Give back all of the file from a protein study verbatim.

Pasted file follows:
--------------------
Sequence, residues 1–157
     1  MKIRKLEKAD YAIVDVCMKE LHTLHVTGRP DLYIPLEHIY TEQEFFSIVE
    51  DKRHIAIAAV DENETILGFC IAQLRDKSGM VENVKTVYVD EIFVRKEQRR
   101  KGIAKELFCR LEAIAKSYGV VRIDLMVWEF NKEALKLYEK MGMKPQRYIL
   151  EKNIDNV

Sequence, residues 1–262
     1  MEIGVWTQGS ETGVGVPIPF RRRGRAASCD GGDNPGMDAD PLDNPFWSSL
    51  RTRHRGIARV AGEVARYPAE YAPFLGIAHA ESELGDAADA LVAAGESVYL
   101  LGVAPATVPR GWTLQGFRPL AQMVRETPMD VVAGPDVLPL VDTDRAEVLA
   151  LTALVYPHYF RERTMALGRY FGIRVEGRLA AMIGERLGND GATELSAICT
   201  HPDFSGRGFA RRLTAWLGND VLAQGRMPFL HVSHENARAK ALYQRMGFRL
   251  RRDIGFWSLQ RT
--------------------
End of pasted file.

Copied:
Sequence, residues 1–157
     1  MKIRKLEKAD YAIVDVCMKE LHTLHVTGRP DLYIPLEHIY TEQEFFSIVE
    51  DKRHIAIAAV DENETILGFC IAQLRDKSGM VENVKTVYVD EIFVRKEQRR
   101  KGIAKELFCR LEAIAKSYGV VRIDLMVWEF NKEALKLYEK MGMKPQRYIL
   151  EKNIDNV

Sequence, residues 1–262
     1  MEIGVWTQGS ETGVGVPIPF RRRGRAASCD GGDNPGMDAD PLDNPFWSSL
    51  RTRHRGIARV AGEVARYPAE YAPFLGIAHA ESELGDAADA LVAAGESVYL
   101  LGVAPATVPR GWTLQGFRPL AQMVRETPMD VVAGPDVLPL VDTDRAEVLA
   151  LTALVYPHYF RERTMALGRY FGIRVEGRLA AMIGERLGND GATELSAICT
   201  HPDFSGRGFA RRLTAWLGND VLAQGRMPFL HVSHENARAK ALYQRMGFRL
   251  RRDIGFWSLQ RT